Just Passing Through
Driving down the A9 has little to recommend it compared to sitting in a cosy train waiting for the food trolley to make its third pass. But it had to be the car today because I'm horsing around Ayrshire later in the week and I don't own a horse. Still, one advantage of driving alone is that you can listen to the radio at full volume, sing along to the music and shout back at the news headlines. Is it just me or have things come to a pretty pass when politicians now boast that they are "no longer being investigated by the police" or that they "plan to pay" their taxes? I mean, they're actually boasting about this. Honestly.
Another good thing about the car is that you can pull off the road any time you like. That's how I found myself in Pitlochry this afternoon. I stretched my legs one at a time and then went for a little wander around the side streets, taking photographs of old churches and so on. Call me Captain Excitement.
"Do you want me to take one of you?" said the old man in the bunnet.
Quick as a flash I retorted that I didn't want to ruin the picture, but he was a bit deaf and I had to have three attempts at explaining this little jest before I gave up.
"Pitlochry is such a lovely town," I told him, simply to change the subject.
Now I've had experience of Pitlochry folk before and I've noticed they don't handle compliments very well. They either frown or give you a kind of suspicious glance.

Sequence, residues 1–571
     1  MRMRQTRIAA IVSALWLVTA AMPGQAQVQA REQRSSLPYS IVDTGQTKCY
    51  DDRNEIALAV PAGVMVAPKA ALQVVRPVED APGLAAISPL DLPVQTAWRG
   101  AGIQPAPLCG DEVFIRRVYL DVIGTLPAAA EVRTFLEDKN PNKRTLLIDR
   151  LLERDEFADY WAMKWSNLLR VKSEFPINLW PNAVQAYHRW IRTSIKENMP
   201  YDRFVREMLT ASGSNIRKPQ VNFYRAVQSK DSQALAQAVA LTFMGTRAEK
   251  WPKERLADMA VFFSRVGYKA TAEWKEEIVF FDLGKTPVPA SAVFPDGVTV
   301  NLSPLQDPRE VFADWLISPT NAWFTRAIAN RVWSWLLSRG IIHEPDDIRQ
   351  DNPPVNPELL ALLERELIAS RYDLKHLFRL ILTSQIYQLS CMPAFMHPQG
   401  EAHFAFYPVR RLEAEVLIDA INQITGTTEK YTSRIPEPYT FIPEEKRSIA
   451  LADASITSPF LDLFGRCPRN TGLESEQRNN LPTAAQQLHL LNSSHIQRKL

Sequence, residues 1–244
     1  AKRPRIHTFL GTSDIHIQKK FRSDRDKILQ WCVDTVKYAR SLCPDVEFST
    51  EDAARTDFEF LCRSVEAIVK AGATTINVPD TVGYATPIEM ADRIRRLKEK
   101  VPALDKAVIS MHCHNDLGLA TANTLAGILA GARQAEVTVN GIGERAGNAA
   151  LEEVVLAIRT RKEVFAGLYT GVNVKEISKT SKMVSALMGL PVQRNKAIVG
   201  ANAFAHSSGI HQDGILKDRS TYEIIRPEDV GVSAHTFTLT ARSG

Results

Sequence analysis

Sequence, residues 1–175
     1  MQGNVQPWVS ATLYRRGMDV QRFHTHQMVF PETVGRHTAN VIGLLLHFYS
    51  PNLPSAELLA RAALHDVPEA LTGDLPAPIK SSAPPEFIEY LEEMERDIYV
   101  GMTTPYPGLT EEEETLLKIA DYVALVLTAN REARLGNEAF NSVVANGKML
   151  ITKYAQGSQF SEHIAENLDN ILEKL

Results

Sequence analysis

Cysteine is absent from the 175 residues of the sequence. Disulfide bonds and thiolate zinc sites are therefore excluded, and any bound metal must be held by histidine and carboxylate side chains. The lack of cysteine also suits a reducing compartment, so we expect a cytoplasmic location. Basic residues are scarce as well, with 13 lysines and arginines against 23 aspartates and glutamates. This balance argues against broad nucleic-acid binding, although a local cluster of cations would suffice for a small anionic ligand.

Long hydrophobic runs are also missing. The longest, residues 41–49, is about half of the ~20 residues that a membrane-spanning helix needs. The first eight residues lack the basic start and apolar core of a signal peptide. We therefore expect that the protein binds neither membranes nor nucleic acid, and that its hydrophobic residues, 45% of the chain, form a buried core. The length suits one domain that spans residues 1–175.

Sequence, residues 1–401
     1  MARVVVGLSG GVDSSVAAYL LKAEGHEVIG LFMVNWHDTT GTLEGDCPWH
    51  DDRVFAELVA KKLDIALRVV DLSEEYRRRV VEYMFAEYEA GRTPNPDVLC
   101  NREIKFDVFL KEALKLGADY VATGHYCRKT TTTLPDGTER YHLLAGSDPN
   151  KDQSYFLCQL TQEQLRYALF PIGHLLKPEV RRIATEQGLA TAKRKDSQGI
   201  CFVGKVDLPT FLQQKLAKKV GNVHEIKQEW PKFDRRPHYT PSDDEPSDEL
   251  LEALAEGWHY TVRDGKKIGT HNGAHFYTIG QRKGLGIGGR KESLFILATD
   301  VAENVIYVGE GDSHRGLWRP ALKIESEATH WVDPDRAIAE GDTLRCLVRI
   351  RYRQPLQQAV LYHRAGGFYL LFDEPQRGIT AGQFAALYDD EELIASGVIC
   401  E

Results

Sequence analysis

The man in the bunnet went for all-out disagreement.
"Things have never been as bad as they are now," he began and then gave me a ten minute lecture on how the town had changed so much since his days as a local councillor. I got the impression his political career might have coincided with Neville Chamberlain's, but I couldn't be sure. He told me that, in the good old days, the trees were taller and the birds sang sweeter. There was a lot of talk about quarries and how special slate had been sourced for local buildings...but not now....now some modern houses were being built with...(and you could tell he could hardly bring himself to use the words)...with Marley roof tiles! I actually thought he was going to vomit right there in the street.
This chance encounter was going along very nicely, but I could almost have predicted what was coming next.
"and now they're building these affordable flats and you've got no idea who your neighbours will be. Could be people of any skin colour."
Ah well, time for me to be on my way. I wandered down through the main street and noticed more than half a dozen empty shops. But the information boards were packed with notices for forthcoming events and activities and there was a lively throng of people crowding into the box office for the Festival Theatre. Signs of hope after a long winter.
You don't see any of that when you're on the train.